Reading My Library

Image: Salvatore Vuono / FreeDigitalPhotos.net

We’re Going on a Bear Hunt by Michael Rosen


It’s usually challenging for me to write a monthly Kids’ Picks post, mainly because I’m the main book picker here at the House of Hope.  Oh, my girls have plenty of opportunity to choose books for our read-alouds times or for their own perusal, but ultimately, I control what comes into the house.  I do let them pick a couple of books each time we go to the library, but I limit it to two or three each because if I didn’t, we’d end checking out the entire Arthur or Franklin collection.  😉  Please don’t revoke my Kids’ Picks button!  🙂

This month, though, I have a genuine Kids’ Pick, and one that reaches back a couple of years, at that.  Louise requested We’re Going on a Bear Hunt last week.  This is one of those books that my girls loved, loved, loved when they were younger.  However, as they’ve gotten older (after all, they’re very mature 5 and 4 year olds now! 😉 ), I regret to say that I’ve let quite a few of these classics fall by the wayside.  In fact, we have one whole long shelf of boardbooks that were once beloved favorites but that we never look at now.  We own We’re Going on a Bearhunt in paperback, and after Louise repeatedly requested that we read it, it took a little searching on our full-to-overflowing shelves, but we found it.  There are several lessons in this for me:

  • Just because my children are capable of and willing to listen to long chapter books doesn’t mean we need to abandon picture books (even “babyish” ones).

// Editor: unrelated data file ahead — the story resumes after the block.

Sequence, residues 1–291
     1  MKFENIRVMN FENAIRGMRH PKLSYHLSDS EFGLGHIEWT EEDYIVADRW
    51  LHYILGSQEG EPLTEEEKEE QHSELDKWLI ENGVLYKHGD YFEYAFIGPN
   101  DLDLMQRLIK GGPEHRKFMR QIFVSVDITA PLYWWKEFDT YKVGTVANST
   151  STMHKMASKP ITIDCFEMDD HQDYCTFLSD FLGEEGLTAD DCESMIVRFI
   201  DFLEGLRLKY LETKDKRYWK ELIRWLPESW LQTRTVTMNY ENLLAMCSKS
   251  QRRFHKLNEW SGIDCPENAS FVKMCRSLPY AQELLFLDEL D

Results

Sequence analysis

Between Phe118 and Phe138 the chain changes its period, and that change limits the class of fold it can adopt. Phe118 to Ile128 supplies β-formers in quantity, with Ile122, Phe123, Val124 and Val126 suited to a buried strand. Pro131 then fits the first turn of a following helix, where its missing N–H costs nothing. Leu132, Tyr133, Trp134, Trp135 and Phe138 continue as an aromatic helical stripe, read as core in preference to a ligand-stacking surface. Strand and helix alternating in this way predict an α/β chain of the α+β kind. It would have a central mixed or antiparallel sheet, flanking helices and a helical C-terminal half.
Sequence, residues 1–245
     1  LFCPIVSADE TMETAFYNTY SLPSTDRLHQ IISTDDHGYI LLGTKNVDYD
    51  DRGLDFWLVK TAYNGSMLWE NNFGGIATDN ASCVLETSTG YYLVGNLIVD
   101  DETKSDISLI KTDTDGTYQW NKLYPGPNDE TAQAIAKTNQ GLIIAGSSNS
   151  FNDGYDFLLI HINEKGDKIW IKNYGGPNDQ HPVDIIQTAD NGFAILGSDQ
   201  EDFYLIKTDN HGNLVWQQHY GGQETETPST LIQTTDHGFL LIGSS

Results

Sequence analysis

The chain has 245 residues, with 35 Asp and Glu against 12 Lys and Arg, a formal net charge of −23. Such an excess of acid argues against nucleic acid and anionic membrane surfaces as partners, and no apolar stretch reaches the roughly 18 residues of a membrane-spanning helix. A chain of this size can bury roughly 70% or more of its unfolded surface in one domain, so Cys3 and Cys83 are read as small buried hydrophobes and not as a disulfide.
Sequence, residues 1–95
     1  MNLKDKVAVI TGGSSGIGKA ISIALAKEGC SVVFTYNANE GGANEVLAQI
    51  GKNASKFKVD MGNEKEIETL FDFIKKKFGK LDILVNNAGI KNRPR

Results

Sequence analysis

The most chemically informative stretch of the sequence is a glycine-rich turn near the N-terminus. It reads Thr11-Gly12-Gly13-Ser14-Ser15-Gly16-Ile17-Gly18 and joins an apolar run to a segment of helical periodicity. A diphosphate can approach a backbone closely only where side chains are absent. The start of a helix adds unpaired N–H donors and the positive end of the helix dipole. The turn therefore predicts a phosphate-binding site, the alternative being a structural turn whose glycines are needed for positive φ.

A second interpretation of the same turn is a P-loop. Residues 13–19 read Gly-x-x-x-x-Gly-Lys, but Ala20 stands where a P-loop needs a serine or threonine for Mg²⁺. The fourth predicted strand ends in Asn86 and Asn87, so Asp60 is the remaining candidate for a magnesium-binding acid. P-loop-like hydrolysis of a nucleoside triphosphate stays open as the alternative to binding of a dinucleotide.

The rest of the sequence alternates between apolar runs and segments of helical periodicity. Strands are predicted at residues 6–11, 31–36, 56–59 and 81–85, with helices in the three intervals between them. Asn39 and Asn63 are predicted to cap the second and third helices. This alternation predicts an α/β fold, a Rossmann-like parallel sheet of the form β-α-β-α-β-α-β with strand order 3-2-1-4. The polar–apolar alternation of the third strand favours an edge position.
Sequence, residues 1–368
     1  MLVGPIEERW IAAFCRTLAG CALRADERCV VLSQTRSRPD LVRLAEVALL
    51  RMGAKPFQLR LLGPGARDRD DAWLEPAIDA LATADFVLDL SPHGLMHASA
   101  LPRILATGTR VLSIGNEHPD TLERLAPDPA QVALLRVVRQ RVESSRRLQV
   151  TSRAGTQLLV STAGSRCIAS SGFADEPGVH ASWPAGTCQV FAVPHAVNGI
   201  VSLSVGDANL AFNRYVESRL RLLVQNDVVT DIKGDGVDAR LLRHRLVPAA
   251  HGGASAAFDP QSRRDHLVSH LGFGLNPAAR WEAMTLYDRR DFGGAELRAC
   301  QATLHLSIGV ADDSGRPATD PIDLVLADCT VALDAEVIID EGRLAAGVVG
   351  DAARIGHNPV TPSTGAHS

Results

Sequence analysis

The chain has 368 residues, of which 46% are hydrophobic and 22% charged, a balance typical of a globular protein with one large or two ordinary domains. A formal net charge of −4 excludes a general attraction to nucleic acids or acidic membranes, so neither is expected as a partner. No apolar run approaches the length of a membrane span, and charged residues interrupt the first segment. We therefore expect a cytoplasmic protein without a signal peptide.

• Children love repetition and familiar stories, even after we are sick of them.
  • I shouldn’t get so wrapped up in my latest library finds that I neglect my own home library.  I’m very guilty of this.
  • Louise is my little songbird:  she is forever making up songs and rhymes.  I really need to indulge and encourage this, especially through the books we read. 

I actually can’t believe I haven’t included this particular story on my Best Picture Books list before now.  (I’ll attribute it to the fact that I really have neglected our home library.)  This is such a great toddler and preschool picture book–it’s very repetitive and just begs to be acted out.  It is my go-to rhyme when we keep the nursery at church and the natives begin to get restless.  Helen Oxenbury‘s illustrations are very expressive; my girls have always been concerned about the rather dejected-looking bear at the end of the story.  In short, this is one that’s too good to be missed.  You can visit the author’s website here.  I even found a video of him performing We’re Going on a Bearhunt.  Enjoy!

As if all of this is not enough, I have photographic evidence that this book is indeed a genuine Kids’ Pick here at the House of Hope.  The photographs here were snapped back about two years ago, and they are of Louise with her favorite book.  Seeing these pictures makes me almost teary-eyed, but it also gives me another reason to look forward to the new addition to our family who will be here faster than we can get ready for him!

For more Kids’ Picks, visit 5 Minutes for Books!

Bloggy Housekeeping, Linky Love, and an Important PSA

In lieu of posting my usual Week in Words post this week, I’m posting something that is long overdue. 

First, almost two months ago now (gulp!), Carrie awarded me with the Honest Scrap award, and I’m just now getting around to publicly thanking her. 

Thanks, Carrie!  🙂

Of course, with most awards, there’s also an assignment.  I’m supposed to share ten honest things about myself and then pass on the award to other bloggers.  First, the ten honest things: